The Z39.50 client is finished (at least the Z39.50 part). I’m doing some final testing and will update the beta install by Monday. Once uploaded, I’ll start finishing up the SRU interface and then start finishing a little house cleaning so I can move MarcEdit 5 out of beta.
We spent the weekend with my wife’s family at Cape Mears — near Tillamook, OR. It was a pretty good time. The house was on a lake which was about a 1/4 mile from the ocean so we spent quite a bit of time playing in the water. Nathan is a little water boy. He spent the first day keeping everyone busy — as my little escape artist kept making a break for the water over and over again. I ended up taking him into the ocean with me and he came out a happy camper — but cold. He ended up wearing my shirt home
It was a great time — the last day, Nathan got me up at 7 AM so I took the kids that were awake to the beach to look at the tide pools. After we got back to the house, the kids that missed it in the morning wanted a chance to go, so I took a second group out. The second trip was a bit much for Nathan — just a little too tuckered out.
Finally, now that we are home, Nathan has been up to his old trips, hiding under the furnature and playing with his trucks. 🙂
Today was a bit embarassing…my mind wondered a bit today and I ended up forgetting to bring quite a few items today. The first was my bike helmet. For those that don’t know, I bike about 25 miles each morning and evening between Independence, OR and Corvallis, OR most days. On others, I ride to Adair Village (about 15 miles) and catch a ride with a friend to work. My trip takes me down hwy 99 — a surprisingly pleasant piece of road that has the widest shoulders. Anyway, my bike helmet is just a part of my attire. I figure I wear it close to 2 to 3 hours each day (2 hours on the bike and maybe an hour rollerblading with my son), so its something I no longer notice. Well, I got about 4 miles out on the hwy today when I noticed an ich on my head. I reached up to grab the front of my helmet and to my surprise, no helmet. Apparently, I forgot it in my rush out the door. Now, I’m a firm believer in helmets every since this past April. In April, I was riding in the rain, didn’t see a storm drain and got tossed off my bike into the road going about 22 mph right on my head. It shattered my helmet, tore up my hands and left my face a little brused and sore — but otherwise, no injuries. Since then, I make sure I always have my helmet, so forgetting was a pretty big deal.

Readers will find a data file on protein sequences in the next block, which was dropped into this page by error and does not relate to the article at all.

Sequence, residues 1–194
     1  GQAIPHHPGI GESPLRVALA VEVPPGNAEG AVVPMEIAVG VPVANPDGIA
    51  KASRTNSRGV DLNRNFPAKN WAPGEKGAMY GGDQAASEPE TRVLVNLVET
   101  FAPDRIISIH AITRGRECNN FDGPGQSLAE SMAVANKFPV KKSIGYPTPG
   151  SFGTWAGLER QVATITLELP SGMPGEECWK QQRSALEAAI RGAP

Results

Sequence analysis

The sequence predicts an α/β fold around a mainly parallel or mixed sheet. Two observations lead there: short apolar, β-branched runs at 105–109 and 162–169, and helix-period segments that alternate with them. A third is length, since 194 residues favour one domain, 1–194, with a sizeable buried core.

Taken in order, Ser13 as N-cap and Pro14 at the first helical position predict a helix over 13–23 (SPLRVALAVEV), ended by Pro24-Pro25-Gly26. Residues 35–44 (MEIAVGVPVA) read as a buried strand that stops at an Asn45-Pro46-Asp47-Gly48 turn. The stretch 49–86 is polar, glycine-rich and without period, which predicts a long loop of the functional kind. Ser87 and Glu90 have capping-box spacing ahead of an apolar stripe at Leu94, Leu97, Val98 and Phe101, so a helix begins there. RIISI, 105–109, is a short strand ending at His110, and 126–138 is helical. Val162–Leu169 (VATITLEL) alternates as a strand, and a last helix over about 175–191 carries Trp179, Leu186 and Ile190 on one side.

Anyway, I made it to work, went through the day and decided to get ready to leave. Today was one of those days that I commuted in with a friend — so I changed into my bike clothes and rode out to their house so I could ride the rest of the way home. When I got to their house, I realized that I’d forgotten to change out of my sandals and into my cleats. So I ended up having to call my wife and have her pick me up so I could get my bike, drive back to work and get my cleats (so I could ride tomorrow morning) and then go home. Well, it was late before we headed home, so we stopped at McGraths fish house to have dinner. The food was pretty good but when Kenny told them that he’d had his birthday recently, they surprised him with the birthday fish hat. Here’s a picture:
It was pretty funny — Kenny didn’t know what to think about the whole experience — though he did like the vanilla ice cream that they brought out as well. 🙂
I was pleasantly surprised to see an article on ZDNET talking about digital library development being done in libraries in the pre and post Google eras. I’m always interested to see how folks outside the library profession view our digital library efforts. URL: http://news.zdnet.com/2100-9588_22-5817291.html